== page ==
Now consider the IGE. It summarizes all of the absolute mobility experienced by each child over a generation. Some children move up in absolute terms and others move down; some move up or down by much more than others do. The IGE tells us the extent to which the degree and direction of absolute mobility experienced by individual children produces more or less income inequality between them in adulthood than existed in childhood.
The absolute mobility summarized in the IGE is expressed in terms of percentage changes in income. This expression does not mean that the IGE is measuring relative mobility. Comparing poor children who tend to experience a 30 percent increase in income to middle-class children tending to see a 20 percent increase in income is not the same thing as comparing poor children who tend to move up 30 percentiles to middle-class children tending to move up 20 percentiles.
In practice, the pattern of absolute mobility in all countries and in all periods for which data is available is such that the initial income inequality between children falls in adulthood—the richer children tend to experience absolute percentage gains that are smaller than the percentage gains of poorer children (and income losses that are larger in percentage terms than the losses of poorer children). This is the well-known phenomenon of regression to the mean, and it is the reason why IGE values are smaller than one. (At the same time, rich children still tend to do better than poor children in adulthood, which is why IGEs are larger than zero.) The IGE, then, summarizes the extent to which absolute mobility across children narrows or widens the initial inequality between them.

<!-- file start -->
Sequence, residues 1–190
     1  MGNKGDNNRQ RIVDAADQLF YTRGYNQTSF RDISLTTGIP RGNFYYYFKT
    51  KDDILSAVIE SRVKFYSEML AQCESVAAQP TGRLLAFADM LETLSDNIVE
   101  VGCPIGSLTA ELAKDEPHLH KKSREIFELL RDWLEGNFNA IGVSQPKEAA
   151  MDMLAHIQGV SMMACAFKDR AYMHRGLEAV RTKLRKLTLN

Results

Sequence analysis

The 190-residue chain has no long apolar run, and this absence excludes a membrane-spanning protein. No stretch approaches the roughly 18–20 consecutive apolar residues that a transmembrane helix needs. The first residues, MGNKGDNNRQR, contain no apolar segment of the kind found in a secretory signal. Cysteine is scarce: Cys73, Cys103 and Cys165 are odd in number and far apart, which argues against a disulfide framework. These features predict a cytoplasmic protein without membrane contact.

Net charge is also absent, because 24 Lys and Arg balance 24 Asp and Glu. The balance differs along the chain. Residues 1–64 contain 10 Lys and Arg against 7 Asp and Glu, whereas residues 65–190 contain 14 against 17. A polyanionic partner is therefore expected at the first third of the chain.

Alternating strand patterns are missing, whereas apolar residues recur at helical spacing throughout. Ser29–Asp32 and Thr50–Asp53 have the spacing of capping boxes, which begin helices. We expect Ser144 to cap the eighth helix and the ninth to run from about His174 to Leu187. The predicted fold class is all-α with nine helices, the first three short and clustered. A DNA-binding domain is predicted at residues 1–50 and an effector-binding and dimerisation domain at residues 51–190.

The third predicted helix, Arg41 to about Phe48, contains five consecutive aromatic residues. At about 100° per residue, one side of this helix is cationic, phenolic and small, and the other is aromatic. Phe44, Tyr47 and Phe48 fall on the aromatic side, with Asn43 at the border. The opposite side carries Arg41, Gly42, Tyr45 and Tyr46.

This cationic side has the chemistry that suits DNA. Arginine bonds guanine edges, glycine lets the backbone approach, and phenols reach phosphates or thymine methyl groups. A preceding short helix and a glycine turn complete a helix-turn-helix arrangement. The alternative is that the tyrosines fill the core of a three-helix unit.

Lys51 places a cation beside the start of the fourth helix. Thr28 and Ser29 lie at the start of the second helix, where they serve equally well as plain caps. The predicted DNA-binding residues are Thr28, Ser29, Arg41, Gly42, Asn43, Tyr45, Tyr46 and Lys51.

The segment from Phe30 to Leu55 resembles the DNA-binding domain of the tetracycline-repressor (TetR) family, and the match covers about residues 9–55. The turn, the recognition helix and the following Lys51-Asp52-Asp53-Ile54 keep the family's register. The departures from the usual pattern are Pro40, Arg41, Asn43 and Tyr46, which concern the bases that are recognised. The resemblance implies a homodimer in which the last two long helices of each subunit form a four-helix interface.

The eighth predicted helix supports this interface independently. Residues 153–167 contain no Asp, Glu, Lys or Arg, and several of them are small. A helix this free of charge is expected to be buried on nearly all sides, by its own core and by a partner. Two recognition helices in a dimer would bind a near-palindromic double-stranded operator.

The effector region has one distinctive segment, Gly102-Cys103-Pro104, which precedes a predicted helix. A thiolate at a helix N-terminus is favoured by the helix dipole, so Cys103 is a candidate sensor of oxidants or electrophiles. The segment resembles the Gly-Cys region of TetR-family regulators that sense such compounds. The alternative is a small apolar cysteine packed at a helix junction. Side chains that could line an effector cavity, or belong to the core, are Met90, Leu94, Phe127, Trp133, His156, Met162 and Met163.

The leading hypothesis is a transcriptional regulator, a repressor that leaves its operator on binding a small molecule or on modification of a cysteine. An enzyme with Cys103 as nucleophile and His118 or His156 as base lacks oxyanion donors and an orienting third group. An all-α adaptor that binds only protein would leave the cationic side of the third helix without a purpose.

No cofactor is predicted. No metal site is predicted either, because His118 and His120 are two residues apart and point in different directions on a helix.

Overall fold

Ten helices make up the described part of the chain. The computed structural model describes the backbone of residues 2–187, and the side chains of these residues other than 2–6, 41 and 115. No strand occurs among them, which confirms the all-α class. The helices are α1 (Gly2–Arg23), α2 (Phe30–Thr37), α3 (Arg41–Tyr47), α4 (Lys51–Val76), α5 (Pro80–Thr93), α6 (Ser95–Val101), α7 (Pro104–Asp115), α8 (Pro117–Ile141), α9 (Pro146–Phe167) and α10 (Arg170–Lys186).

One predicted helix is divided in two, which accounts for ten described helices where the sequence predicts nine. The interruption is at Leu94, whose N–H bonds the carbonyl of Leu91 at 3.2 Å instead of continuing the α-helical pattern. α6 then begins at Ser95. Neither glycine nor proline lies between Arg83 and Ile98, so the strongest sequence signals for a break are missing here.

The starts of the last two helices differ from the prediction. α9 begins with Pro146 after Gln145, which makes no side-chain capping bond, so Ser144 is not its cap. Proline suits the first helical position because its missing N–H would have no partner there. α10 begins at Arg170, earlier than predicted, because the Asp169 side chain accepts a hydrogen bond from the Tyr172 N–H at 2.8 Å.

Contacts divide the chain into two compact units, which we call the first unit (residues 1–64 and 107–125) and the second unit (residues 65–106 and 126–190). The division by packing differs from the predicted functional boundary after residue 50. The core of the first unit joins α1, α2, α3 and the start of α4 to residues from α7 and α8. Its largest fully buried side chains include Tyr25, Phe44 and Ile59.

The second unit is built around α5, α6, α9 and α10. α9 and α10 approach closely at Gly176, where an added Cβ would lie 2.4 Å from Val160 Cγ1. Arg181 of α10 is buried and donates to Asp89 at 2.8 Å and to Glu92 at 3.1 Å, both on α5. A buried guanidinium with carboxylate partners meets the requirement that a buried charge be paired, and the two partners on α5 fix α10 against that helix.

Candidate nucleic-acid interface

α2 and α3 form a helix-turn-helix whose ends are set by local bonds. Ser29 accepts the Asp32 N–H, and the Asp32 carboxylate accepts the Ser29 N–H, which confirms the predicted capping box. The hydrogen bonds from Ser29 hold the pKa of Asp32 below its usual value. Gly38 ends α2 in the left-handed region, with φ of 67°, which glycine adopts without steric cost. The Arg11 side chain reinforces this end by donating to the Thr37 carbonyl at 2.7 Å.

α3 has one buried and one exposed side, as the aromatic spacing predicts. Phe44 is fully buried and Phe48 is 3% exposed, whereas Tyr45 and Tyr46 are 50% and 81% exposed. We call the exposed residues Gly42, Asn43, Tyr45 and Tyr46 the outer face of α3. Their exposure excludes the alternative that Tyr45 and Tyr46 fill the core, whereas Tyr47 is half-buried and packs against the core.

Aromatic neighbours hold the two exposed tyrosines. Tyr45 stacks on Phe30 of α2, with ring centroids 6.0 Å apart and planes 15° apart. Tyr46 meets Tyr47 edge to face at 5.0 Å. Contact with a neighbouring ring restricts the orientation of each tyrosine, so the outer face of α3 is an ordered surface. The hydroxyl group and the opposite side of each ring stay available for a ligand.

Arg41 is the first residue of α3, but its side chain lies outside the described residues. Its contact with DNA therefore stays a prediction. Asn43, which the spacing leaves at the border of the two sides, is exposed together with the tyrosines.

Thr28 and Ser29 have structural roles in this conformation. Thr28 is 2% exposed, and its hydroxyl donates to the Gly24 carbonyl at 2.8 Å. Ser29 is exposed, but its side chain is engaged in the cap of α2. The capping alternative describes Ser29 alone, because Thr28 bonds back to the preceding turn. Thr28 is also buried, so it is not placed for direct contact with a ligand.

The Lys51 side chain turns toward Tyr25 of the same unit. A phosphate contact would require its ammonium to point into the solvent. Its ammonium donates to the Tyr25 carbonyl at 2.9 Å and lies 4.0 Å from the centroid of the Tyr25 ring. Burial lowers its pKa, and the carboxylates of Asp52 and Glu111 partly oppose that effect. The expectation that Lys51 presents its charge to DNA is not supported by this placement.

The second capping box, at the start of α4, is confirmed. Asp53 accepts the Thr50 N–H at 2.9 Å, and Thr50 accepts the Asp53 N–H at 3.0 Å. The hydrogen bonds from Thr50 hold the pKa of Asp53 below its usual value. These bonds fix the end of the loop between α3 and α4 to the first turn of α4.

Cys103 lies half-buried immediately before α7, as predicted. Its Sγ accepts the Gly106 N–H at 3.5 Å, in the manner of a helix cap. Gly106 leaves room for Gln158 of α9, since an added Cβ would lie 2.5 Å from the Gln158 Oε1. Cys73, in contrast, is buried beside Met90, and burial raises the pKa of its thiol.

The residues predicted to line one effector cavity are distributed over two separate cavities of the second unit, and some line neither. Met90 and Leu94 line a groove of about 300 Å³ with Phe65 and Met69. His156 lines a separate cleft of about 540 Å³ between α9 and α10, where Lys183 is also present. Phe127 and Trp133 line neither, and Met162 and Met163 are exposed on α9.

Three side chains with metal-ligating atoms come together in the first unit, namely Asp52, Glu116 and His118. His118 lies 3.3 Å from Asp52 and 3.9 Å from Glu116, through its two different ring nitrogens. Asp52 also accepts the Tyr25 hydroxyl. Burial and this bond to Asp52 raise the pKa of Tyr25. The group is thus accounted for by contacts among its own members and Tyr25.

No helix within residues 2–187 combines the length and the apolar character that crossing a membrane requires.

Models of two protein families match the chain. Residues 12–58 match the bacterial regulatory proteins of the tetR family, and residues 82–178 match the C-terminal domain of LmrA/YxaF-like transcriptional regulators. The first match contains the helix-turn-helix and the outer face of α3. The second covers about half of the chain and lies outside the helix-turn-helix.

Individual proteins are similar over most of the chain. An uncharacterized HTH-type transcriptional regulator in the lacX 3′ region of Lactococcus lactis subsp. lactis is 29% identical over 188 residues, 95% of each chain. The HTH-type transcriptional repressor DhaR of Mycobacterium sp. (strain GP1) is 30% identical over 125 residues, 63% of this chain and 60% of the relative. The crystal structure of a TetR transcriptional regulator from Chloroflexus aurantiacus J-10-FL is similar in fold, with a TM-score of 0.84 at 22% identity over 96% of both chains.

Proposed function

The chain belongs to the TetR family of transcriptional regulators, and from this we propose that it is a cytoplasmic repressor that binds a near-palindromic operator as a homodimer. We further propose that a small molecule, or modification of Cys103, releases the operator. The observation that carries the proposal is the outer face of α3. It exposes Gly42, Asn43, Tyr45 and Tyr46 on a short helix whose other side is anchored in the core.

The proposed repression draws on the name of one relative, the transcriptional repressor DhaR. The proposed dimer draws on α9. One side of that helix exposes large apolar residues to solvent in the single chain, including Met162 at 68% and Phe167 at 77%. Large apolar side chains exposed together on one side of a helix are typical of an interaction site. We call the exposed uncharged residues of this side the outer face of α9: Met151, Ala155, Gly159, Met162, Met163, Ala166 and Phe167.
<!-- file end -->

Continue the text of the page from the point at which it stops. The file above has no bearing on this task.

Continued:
Because the absolute mobility summarized in the IGE is expressed in percentage terms, differences in how rich or poor countries are do not affect IGE comparisons. However, the IGE can be higher in one country than in another depending on how much income inequality grows between generations in each country—even if their relative mobility rates are the same. When the IGE is higher in the U.S. than in Canada, indicating less “mobility,” that need not imply that it is more unusual for American children of fast-food workers to become top executives than it is for similarly situated Canadian children. It may simply mean that top executives make much more relative to fast-food workers in America than they do in Canada. As I wrote in my National Review essay, “In this scenario, it’s not that opportunities to obtain the best slots in the United States are less fairly distributed than in other countries, it’s simply much more lucrative to occupy those slots here.”